In addition to Parker and Alex, who competed at level 8, three other acrobats competed at Nationals. Jaiden York, 15, and Emily Rowe, 11, competed at level 6 in women’s pair and they finished 11th. Alex competed with Aubrey Hoying, 9, in level 8 mixed pairs and they finished fourth.
“Our team practices year round. Our competition season is from January to July,” said Taylor.
The local YMCA is the only YMCA in the nation to have a competitive acrobatics team. All their competitions are against private gyms.
The acrobats, said Taylor, earn the right to compete at Nationals.
“We have local meets where they qualify to compete at the state level,” said Taylor. “At state, you qualify for regionals. At regionals, you qualify for nationals.”
The competition, said Taylor, is a combination of individual elements and partner stunting, which includes balance, skills and holding the post. There are also dynamic skills involved which includes the base person, in this case Alex, throwing Parker into the air and catching him.
“There aren’t a lot of boys doing this sport,” said Taylor. “Alex and Parker were both on the acro team and it was natural for them to do the men’s pair competition.
“Alex and Parker jelled. Their personalities balanced with one another. Not a lot of partners stay together like they have. They have just meshed and have a lot of fun competing.”
At the level Alex and Parker are competing at, their routine is 2 minutes, 45 seconds long. It includes the balance element, along with the dynamic element. Taylor choreographed their routine with input from both Alex and Parker.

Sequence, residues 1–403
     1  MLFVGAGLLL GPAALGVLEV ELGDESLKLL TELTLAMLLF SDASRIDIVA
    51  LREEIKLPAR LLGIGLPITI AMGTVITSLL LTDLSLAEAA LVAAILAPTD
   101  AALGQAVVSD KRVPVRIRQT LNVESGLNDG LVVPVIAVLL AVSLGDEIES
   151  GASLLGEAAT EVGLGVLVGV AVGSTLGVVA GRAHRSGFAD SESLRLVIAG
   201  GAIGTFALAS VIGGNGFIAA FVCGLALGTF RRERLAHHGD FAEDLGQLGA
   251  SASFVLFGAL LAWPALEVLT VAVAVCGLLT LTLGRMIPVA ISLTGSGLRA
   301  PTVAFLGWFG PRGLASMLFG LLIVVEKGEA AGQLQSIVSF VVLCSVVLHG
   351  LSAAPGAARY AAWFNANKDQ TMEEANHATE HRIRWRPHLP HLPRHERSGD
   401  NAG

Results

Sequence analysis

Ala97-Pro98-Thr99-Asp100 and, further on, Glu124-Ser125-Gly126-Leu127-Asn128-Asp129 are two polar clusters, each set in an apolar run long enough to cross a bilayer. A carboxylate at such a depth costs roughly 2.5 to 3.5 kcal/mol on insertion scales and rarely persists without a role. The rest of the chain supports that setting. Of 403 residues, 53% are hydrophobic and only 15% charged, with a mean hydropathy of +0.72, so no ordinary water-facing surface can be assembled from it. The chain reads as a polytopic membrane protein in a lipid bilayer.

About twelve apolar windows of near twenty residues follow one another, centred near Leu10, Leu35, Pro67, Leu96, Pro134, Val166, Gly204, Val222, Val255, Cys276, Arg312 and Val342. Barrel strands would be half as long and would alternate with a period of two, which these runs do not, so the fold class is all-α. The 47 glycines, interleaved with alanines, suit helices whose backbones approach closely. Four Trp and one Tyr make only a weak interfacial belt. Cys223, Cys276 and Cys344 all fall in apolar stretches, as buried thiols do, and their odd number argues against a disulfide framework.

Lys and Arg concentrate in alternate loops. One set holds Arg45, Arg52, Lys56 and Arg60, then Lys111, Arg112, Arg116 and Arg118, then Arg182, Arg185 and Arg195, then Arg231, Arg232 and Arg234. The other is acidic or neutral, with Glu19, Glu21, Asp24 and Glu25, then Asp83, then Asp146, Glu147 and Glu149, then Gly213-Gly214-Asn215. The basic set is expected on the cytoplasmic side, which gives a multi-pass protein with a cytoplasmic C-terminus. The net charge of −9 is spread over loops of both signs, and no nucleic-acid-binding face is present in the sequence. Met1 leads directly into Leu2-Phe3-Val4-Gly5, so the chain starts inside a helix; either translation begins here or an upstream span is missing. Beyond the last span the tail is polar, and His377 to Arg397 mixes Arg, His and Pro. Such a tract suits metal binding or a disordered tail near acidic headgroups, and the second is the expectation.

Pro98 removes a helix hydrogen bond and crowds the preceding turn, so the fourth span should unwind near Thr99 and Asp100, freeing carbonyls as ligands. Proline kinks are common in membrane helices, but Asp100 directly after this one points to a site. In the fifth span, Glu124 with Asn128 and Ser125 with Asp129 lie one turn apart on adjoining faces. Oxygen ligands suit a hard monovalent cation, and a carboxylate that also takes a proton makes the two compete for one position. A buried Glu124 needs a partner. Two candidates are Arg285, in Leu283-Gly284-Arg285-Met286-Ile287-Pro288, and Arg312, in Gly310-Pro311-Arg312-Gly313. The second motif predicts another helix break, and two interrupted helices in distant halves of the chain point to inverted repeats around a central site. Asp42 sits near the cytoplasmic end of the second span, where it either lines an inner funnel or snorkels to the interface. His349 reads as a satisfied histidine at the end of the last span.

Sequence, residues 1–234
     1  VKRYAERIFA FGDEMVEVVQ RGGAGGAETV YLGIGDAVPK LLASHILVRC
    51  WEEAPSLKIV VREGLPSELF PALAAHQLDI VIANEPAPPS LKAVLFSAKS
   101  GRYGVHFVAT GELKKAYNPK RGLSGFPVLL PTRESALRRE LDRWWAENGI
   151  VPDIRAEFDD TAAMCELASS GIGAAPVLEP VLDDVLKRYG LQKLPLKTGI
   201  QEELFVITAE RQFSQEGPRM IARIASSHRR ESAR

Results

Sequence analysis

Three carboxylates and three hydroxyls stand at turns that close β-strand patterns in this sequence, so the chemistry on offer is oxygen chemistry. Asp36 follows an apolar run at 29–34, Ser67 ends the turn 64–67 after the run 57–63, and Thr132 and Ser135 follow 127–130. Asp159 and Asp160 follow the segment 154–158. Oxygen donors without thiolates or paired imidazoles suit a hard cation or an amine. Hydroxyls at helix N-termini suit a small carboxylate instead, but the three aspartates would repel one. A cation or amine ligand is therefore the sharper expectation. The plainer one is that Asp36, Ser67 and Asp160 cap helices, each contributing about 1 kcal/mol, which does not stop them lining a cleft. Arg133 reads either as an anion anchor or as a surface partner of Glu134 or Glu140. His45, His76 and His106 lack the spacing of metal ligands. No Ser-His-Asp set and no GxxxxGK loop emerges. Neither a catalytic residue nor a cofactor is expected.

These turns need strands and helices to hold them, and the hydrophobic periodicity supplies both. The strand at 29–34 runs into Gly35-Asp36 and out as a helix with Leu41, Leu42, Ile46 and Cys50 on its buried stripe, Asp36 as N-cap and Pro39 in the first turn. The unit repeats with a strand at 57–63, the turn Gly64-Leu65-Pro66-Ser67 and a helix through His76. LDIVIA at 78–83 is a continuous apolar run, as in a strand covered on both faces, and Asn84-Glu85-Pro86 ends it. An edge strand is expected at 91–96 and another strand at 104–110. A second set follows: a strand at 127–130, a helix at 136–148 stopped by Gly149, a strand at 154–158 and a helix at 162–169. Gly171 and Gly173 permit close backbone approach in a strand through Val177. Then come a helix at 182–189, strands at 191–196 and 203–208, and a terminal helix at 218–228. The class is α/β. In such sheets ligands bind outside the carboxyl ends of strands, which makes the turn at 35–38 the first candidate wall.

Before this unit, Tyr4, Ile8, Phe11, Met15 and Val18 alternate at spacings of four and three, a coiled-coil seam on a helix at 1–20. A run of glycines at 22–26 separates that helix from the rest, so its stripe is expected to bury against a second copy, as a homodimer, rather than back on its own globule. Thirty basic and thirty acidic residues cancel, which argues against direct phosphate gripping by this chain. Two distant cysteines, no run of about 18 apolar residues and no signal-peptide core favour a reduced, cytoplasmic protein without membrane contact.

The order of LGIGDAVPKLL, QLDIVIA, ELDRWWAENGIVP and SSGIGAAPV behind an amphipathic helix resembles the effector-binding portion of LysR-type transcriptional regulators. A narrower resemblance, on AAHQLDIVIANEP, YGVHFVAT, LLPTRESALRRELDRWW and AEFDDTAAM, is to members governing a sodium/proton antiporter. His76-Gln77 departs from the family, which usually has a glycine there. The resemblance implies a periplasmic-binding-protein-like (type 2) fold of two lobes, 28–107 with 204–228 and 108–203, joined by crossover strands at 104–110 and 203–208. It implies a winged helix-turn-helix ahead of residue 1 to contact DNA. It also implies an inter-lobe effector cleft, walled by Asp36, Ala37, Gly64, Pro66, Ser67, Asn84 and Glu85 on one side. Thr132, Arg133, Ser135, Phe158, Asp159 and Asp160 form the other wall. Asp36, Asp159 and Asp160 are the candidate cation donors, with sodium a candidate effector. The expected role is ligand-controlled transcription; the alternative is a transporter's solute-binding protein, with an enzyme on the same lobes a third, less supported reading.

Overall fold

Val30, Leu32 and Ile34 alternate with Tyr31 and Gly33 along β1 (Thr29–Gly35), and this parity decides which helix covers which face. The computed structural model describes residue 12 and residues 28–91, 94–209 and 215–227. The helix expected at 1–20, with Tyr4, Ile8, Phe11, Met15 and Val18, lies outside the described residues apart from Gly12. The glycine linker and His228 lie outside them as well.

“We want them to have a routine they enjoy as they’ll be competing with it all year,” said Taylor.”They helped pick the music and it fit their personalities.”
The gymnastic and acrobatic programs continue grow at the YMCA. There will be 40 gymnasts on the team this year and 25 on the acrobatic team. There are 35 to 40 participants in the cheer program.
In addition to these programs, the YMCA also has a Baby ‘Bats team, which is a pre-team for the acrobatic team.
“This took off this year,” the coaches said.
The acrobats have the option of doing exhibitions at the two meets the YMCA hosts. They can also compete at three meets — two local meets and one state meet. There were 10 members of the team this year.
This year’s nationals team had 12 members. Two other staff members held Taylor and Hicks coach the athletes. Two help with the ‘Bats team. There are usually three staff members on the floor during all the practices. Alex’s mom is one of the team’s coaches.
Even though Nationals have just been completed, Alex is already thinking about next year’s competition.
He has a laundry list of things he wants to add to their routine — all skills he saw at this year’s Nationals.
Alex has another goal on his horizon — competing at the World Competition.
“They competed at level 8 this year,” said the coaches. There are two junior levels for Alex and Parker to complete and then Senior Elite, which is for acrobats up to the age of 30. The Worlds is the highest competition for acrobats as the Olympics don’t include acrobats. The Youth Olympics games do include acrobats as part of their competition.
“The level of competition coming out of Sidney is great,” said Thomas.
“Shirley and Sam Casalano started a family here when they began the programs,” said Taylor.
And that family continues to grow with each competition season.
Reach the writer at 937-538-4822.